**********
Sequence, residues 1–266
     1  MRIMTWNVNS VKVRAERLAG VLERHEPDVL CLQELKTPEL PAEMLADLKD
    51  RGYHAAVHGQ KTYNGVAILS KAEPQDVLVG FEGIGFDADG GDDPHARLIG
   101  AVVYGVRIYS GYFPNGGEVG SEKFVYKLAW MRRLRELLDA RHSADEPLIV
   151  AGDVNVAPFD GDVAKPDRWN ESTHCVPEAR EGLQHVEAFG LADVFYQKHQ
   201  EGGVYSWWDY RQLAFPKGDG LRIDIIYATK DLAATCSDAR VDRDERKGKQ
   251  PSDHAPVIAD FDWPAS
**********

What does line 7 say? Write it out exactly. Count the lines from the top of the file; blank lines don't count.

   251  PSDHAPVIAD FDWPAS